When will Julián Quiñones play his first game for Mexico?
Jaime Lozano called up the Colombian-born forward for the first time and he is set to feature for El Tri in the Concacaf Nations League fixtures.
Mexico have a new addition to the roster for the November international break, Club América winger Julián Quiñones.
The 26-year-old has impressed in Liga MX for Tigres UANL and Atlas before joining the Mexico City side, and is now set to make his first appearance for El Tri.
Quiñones was born in Colombia and represented the national side at Under-20 level. However having not made an appearance for the full team he was free to complete the naturalization process for Mexico, where he has lived since 2016.
The exciting winger will be a useful edition to Jaime Lozano’s squad as Mexico take on Honduras in a two-legged Concacaf Nations League quarter-final. Mexico will first travel to Estacio Nacional Chelato Ucles on Friday 17 November, before hosting Honduras at Estadio Azteca on Tuesday 21 November.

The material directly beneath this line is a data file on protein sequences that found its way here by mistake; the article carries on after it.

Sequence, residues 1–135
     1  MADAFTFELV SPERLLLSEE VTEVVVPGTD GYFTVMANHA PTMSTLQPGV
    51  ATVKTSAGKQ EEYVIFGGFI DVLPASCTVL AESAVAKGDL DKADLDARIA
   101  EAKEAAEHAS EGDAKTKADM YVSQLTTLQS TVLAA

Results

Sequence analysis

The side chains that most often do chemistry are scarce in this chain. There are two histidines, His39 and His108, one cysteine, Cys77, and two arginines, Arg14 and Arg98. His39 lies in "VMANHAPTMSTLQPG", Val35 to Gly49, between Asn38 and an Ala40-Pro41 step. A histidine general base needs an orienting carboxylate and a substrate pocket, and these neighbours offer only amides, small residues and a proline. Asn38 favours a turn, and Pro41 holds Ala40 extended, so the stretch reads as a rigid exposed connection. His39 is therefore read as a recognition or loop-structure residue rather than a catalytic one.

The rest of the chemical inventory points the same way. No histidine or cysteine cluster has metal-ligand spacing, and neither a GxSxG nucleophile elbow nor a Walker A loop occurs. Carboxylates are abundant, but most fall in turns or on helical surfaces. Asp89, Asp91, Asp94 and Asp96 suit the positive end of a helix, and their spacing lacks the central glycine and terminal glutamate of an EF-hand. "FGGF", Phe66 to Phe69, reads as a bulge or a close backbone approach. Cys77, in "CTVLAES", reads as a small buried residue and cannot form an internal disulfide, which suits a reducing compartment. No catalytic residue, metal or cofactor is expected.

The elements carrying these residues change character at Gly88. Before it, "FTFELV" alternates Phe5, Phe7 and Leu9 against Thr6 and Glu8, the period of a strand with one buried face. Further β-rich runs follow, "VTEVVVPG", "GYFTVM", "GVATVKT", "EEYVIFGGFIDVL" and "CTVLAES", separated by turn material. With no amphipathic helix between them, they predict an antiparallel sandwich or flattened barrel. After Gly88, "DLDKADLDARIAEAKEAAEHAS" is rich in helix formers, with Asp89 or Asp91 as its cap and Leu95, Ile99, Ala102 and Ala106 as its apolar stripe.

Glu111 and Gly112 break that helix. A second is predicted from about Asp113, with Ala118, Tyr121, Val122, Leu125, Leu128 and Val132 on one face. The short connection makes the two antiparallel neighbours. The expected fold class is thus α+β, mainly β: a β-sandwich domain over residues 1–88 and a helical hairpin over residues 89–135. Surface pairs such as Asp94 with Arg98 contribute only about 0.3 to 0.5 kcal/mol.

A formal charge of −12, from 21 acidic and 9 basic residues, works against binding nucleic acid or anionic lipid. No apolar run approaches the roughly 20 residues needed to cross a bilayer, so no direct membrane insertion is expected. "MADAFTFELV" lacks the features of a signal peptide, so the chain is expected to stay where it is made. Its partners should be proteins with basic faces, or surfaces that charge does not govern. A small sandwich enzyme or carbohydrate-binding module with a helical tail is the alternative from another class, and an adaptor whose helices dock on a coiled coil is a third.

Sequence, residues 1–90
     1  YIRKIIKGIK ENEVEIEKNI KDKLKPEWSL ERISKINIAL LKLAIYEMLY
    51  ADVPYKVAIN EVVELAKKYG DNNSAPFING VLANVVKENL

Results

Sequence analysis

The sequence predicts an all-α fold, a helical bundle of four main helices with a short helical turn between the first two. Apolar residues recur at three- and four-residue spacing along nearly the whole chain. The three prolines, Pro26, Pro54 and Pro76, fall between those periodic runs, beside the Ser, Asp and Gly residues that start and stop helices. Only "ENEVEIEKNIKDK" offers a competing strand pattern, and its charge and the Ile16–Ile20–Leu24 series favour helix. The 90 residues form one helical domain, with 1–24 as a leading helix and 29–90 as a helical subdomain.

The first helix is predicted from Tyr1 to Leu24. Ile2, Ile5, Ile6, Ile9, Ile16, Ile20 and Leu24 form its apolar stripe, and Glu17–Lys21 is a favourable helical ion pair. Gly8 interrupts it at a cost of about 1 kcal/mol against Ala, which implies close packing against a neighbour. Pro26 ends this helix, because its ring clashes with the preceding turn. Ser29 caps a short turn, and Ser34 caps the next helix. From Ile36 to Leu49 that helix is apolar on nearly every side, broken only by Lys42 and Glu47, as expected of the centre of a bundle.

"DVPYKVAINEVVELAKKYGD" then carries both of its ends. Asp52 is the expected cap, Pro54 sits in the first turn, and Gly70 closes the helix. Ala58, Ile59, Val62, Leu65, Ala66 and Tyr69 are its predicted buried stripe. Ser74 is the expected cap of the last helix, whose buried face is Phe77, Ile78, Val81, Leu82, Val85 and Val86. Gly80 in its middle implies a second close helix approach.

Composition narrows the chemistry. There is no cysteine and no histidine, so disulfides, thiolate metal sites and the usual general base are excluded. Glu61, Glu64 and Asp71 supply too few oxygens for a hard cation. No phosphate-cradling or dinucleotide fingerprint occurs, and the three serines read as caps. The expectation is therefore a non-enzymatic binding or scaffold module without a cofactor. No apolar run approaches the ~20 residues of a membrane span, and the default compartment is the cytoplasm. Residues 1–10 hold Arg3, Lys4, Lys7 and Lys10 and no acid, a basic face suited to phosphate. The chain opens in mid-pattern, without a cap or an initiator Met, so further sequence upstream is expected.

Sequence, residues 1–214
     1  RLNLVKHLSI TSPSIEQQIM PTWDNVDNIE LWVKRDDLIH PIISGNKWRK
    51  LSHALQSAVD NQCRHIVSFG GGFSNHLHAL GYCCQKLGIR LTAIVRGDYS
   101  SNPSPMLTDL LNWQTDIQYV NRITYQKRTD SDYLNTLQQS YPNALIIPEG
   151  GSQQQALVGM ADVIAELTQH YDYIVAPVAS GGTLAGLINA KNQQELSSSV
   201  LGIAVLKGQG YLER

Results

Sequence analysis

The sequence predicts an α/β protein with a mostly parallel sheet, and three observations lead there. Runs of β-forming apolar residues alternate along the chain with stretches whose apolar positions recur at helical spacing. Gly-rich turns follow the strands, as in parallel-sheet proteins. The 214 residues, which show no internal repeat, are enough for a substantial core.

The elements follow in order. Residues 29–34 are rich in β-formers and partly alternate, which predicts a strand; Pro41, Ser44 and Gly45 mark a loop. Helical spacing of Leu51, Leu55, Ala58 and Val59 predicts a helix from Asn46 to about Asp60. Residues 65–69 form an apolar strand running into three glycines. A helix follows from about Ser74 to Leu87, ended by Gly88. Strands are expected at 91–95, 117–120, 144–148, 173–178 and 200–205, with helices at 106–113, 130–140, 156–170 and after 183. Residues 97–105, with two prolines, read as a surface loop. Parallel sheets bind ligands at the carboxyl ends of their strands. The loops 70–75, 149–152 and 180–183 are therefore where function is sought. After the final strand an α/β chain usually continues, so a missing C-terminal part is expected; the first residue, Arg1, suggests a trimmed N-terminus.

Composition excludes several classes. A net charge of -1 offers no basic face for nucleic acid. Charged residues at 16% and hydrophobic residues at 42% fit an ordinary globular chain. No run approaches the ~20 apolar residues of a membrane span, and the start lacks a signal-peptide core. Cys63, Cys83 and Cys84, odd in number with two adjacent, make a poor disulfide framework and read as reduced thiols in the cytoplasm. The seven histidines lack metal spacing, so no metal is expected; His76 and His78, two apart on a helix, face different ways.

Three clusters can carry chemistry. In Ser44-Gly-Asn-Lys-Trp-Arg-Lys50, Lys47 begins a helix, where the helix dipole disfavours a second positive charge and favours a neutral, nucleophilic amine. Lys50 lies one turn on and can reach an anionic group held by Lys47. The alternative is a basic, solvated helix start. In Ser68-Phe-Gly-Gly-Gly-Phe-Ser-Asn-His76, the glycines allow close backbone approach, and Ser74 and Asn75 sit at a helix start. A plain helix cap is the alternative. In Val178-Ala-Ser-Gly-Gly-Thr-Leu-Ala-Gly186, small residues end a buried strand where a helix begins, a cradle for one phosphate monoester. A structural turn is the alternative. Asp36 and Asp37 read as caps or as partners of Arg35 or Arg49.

Lozano delighted to welcome Quiñones to Mexico roster
Quiñones joins a Mexico team high on confidence after enjoying a remarkable turnaround under Lozano. Previously coach Diego Cocca was dismissed just months into his reign and Lozano stepped in, initially on an interim basis.
However Lozano delivered a Gold Cup triumph in July and, after being given the job on a permanent basis, followed that up with strong performances in recent international friendly. Last month Mexico cruised to a 2-0 win over Ghana and secured an impressive 2-2 draw with Germany.
Speaking recently, Lozano said that he was delighted to be able to welcome Quiñones into the national team.
“Julián is Mexican. We already talked to him, he feels Mexican,” he said. “He wants to play for Mexico, he identifies with the life opportunity he has received.”
Mexican Football Federation rejects Quiñones debate
News of Quiñones’ switch was criticised in some quarters, but the Mexico Football Federation issued a strongly-worded statement on the matter.
It read: “Any player with Mexican nationality, the soccer skills and the desire to represent Mexico may be considered for our National Teams.”
“There are no ‘first-class Mexicans’, nor ‘second-class Mexicans’. We are all Mexicans. As an institution, we want to conclude the debate around naturalized soccer players.”